Food occupies a significant portion of a family's budget. While you can turn off lights, park the car and cancel the cable to cut down on these bills, everyone has to eat. Yet the food budget also represents an area where families can exercise more control, cutting back on more expensive purchases and treats when money is tight and splurging on steak or imported cheese in good times. You can look at amounts you've spent in the past to determine how much you should budget for food, or you can consider how much others spend for food as a guideline.
The United States Department of Agriculture considers average food expenditures in four categories: a thrifty plan, a low-cost plan, a moderate plan and a liberal plan. They break down amounts for representative families and for individuals, based on sex and age. In 2010, a family with two adults ages 19 to 50 and two children ages 6 to 11, spent $582.60 a month at the thrifty level, $758.90 for the low-cost plan, $949.20 for a moderate plan and $1152.10 for the liberal plan. This is averaged across the continental United States, with higher costs in Alaska and Hawaii.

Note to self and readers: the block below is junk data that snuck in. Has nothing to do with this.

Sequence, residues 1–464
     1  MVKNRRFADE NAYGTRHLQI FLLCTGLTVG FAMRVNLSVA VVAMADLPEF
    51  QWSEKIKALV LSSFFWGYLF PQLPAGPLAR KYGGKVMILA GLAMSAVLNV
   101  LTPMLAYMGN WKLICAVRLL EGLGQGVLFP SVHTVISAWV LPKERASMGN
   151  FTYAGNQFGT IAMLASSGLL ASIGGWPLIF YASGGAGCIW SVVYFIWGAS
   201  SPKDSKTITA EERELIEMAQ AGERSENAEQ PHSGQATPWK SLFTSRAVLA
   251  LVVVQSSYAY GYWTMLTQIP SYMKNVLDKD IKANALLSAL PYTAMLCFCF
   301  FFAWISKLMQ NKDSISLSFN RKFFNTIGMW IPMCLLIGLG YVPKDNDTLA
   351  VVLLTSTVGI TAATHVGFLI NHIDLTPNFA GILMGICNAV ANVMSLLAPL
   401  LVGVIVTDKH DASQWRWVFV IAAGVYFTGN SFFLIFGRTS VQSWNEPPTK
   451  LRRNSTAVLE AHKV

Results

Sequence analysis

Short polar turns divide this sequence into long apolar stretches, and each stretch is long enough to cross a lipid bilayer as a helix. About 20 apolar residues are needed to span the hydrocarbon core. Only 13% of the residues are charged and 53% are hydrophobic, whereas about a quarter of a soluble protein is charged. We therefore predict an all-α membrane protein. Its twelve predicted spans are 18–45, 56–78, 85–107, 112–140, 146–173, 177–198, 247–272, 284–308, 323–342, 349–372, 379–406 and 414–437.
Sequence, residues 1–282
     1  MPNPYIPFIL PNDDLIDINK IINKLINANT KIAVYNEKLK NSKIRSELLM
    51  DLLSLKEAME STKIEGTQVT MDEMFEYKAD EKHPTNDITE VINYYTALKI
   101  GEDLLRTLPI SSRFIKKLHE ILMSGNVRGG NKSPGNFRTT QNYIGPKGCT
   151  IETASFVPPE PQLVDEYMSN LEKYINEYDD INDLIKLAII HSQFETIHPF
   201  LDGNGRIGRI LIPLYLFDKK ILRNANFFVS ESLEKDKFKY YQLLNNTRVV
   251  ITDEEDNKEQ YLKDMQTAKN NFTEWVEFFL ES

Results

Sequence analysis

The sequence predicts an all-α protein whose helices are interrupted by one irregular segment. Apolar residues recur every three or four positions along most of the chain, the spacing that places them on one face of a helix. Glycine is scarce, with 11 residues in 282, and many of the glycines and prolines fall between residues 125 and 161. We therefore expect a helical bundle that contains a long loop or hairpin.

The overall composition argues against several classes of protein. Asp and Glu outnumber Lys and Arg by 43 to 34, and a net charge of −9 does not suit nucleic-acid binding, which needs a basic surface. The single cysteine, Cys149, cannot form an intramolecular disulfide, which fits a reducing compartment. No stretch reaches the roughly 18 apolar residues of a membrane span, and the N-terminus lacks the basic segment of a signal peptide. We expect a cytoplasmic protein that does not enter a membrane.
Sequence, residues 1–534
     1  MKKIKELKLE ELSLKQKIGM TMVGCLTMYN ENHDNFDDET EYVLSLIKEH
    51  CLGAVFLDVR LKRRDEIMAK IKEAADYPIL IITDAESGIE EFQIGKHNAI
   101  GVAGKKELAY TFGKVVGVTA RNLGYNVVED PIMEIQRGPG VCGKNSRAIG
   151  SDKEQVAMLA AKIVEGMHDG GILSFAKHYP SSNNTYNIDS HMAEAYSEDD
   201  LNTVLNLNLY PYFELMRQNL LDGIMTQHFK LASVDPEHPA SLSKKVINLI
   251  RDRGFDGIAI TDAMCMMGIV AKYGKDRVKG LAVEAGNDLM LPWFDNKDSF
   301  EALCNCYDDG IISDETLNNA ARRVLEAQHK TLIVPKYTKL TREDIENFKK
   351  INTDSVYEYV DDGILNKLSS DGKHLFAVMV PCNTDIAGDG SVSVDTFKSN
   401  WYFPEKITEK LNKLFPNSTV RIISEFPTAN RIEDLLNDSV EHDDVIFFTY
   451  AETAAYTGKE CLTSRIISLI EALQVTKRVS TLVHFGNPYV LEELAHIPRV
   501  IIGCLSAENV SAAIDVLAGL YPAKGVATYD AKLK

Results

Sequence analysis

The Federal Student Loan Servicing Agency, in offering advice on budgeting, allots 10 to 15 percent of net income for food purchases. Net income is the amount in your paycheck after deductions. If you bring home $36,000 a year net, this leaves you $3,600 to $5,400 a year for food, or $300 to $450 a month. To find out your annual net pay, check your final pay stub of the year.
Another way to determine your food budget is to look at your family's spending habits. Go through your checkbook or save up grocery receipts for a few months and add up everything you spent on food during that time to arrive at an average. If you feel this amount is too high, aim to reduce expenditures a modest 10 percent and set this as your budget. You can gradually decrease this amount every few months until you arrive at the level at which you're not comfortable. Books and articles about saving money at the grocery store can help you find ways to save.
When you look at national averages and percentages, remember that food costs vary across the country. If you live in an area with a lot of farms, where food doesn't have to be transported long distances to the store, your food costs may be lower. Some areas of the country have higher costs for everything, including food. If someone in your family follows a special diet, that may add to your food budget.
Cynthia Myers is the author of numerous novels and her nonfiction work has appeared in publications ranging from "Historic Traveler" to "Texas Highways" to "Medical Practice Management." She has a degree in economics from Sam Houston State University.